Transport Minister Dipuo Peters. File picture: Oupa Mokoena

Pretoria - High-level talks are ongoing between the transport ministries of South Africa and Lesotho to diffuse tensions between taxi operators that led to the closure of the Maseru Bridge border post this week.

Transport department spokesman Tiyani Rikhotso said Minister Dipuo Peters had delegated officials to meet with their Basotho counterparts and taxi associations to address the situation.

The stand-off was sparked by the Basotho drivers' persistence to ferry passengers across the busy bridge and on to South African destinations.

In doing so, they were defying agreements that had been in place since 2005, according to South African taxi operators.

TJ Pitso, public relations officer for the Manyatseng Taxi Association on the South African side of the border post, said they accommodated Basotho operators without a problem over the years.

“They would take passengers across the border for Manyatseng taxis to ferry across South Africa,” he said.

However, out of the blue, the drivers from Lesotho retreated across the border to their country, started loading the passengers and insisted on transporting them across South Africa, according to Pitso.

The South Africans were having none of that and prevented taxis from Lesotho from driving past their rank, located just outside the border post.

Basotho operators, meanwhile, alleged their taxis were attacked as they attempted to cross into South Africa, prompting them to park on the bridge border post in protest.

Citizens of both countries were extremely inconvenienced, and no one could drive or walk across the bridge, including children from Lesotho who attend school in the nearby Free State town of Ladybrand.

Trucks transporting goods between the two countries were stranded at the border post for almost two days by the time the bridge was reopened on Thursday.

Makalo Matekane, a taxi owner and coordinator from Maseru, said blocking the border post was a retaliation after South African drivers attacked them and prevented them from entering this country.

Matekane said two taxis bound for Gauteng were attacked and passengers injured in what he described as contravention of the agreement by southern African countries to allow cross border taxi operating.

Maseru businesswoman Malichaba Lekhoaba said even private cars with more than two people were stopped, searched and the passengers hauled out as they entered the South African territory.

“The drivers wanted everyone to use their taxis and felt that people in private had picked up hikers,” she said.

Matekane said their drivers had since ceased fire and would never block the border post again but would instead protect the welfare of passengers.

However, he said they wanted to ferry passengers across the border post in line with the agreement by regional countries.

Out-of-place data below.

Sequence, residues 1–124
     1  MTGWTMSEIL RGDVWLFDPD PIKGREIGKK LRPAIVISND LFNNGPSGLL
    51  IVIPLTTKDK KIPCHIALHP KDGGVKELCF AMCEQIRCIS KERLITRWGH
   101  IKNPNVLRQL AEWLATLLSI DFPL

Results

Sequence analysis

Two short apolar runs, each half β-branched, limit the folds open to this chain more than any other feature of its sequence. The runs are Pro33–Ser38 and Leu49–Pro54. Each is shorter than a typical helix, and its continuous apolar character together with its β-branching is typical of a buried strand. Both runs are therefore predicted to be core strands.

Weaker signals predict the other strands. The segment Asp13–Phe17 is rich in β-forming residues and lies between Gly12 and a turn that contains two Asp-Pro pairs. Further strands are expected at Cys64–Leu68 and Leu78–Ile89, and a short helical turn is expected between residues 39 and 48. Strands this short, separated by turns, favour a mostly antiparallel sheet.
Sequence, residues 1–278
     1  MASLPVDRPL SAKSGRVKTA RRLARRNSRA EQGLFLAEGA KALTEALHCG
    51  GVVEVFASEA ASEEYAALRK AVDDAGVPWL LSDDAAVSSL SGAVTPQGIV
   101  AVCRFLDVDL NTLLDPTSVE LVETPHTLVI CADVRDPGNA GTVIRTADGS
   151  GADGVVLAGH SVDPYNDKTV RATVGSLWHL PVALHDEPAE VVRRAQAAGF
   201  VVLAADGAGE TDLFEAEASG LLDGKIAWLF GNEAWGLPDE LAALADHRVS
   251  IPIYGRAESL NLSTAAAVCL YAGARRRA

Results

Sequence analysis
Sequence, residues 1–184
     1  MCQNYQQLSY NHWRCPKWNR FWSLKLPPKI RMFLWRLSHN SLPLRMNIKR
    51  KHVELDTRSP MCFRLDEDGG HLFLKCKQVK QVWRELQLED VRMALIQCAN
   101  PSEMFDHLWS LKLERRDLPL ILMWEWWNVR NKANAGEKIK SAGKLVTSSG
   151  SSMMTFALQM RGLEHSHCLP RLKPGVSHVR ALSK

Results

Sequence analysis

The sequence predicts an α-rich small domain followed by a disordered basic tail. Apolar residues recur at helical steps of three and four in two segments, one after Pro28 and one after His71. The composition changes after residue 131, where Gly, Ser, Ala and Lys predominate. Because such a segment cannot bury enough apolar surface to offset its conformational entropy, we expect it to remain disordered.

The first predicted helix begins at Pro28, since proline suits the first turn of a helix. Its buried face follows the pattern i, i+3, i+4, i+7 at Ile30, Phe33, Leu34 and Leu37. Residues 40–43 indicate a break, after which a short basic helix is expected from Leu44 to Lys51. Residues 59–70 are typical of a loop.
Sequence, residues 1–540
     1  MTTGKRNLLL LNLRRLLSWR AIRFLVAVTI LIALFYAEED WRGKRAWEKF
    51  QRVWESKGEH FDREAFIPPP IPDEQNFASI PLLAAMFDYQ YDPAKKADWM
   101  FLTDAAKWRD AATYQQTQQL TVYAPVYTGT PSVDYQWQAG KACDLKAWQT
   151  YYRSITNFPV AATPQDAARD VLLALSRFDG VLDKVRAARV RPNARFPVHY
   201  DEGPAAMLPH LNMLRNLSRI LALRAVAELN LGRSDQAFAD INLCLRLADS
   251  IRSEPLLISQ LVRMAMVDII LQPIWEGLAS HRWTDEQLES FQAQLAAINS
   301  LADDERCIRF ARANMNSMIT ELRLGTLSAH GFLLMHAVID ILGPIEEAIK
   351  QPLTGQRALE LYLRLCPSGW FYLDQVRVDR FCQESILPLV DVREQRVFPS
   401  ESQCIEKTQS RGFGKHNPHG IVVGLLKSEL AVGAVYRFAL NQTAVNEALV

Mantsebo Matsoanakaba, manager of Immigration Services in Lesotho, said the movement of people between Lesotho and South Africa was severely affected between Sunday and Thursday.

“This is not right. People have a democratic right to movement and those in smaller countries are always going to seek greener pastures in an economic powerhouse like South Africa.

“Taxi drivers have no right to deny them that right. Children stranded on the South African side unable to get home were crying.

“There was no trade between the two countries for more than 48 hours, and that is not acceptable.”

Matsoanakaba said the events of this week could not be viewed in isolation and would negatively affect the relationship between South Africa and Lesotho if not resolved.

“Taxi driver in South Africa did not act appropriately, but their Basotho counterparts had no business blocking an international border post,” Matsoanakaba said.

Bridge chaos

Meanwhile, business executives and government officials were among those stranded on the Maseru Bridge border post.

Mantsebo Matsoanakaba, manager of Immigration Services even drove a stranger's car for two days and has since become good friends with the owner, Lebohang Hlaelo and his family.

Matsoanakaba and other senior government officials had gone to the border post to defuse tensions.

When their efforts failed, she walked across the bridge to South African soil in her high heel shoes and not dressed properly for the cold weather conditions.

Once in the Free State, she had no way to get home. However, she met Haelo, whose wife was waiting for him in Maseru.

Matsoanakaba took his car, which could not cross the blocked border post, and drove home to Ladybrand, having exchanged numbers and personal details with Hlaelo.

Most business people and government officials in Maseru live in the Free State town and driver across the border post daily.

In Maseru, Hlaelo took Matsoanakaba car and drive into the Basotho capital for a meeting.

The two drove each other's car until the bridge was reopened on Thursday.

Malichaba Lekhoaba, owner of Harvest FM in Maseru, normally takes just a few minutes to drive her home, also in Ladybrand.

But on Tuesday, Lekhoaba had to change the route she had used for seven days and exit the Mountain Kingdom at the Ficksburg border post.

“It took me a very long time to reach home, where my two children awaited,” she said.

“On Wednesday, I stayed at home and returned to work on Thursday after learning the border post had been opened.”

Pretoria News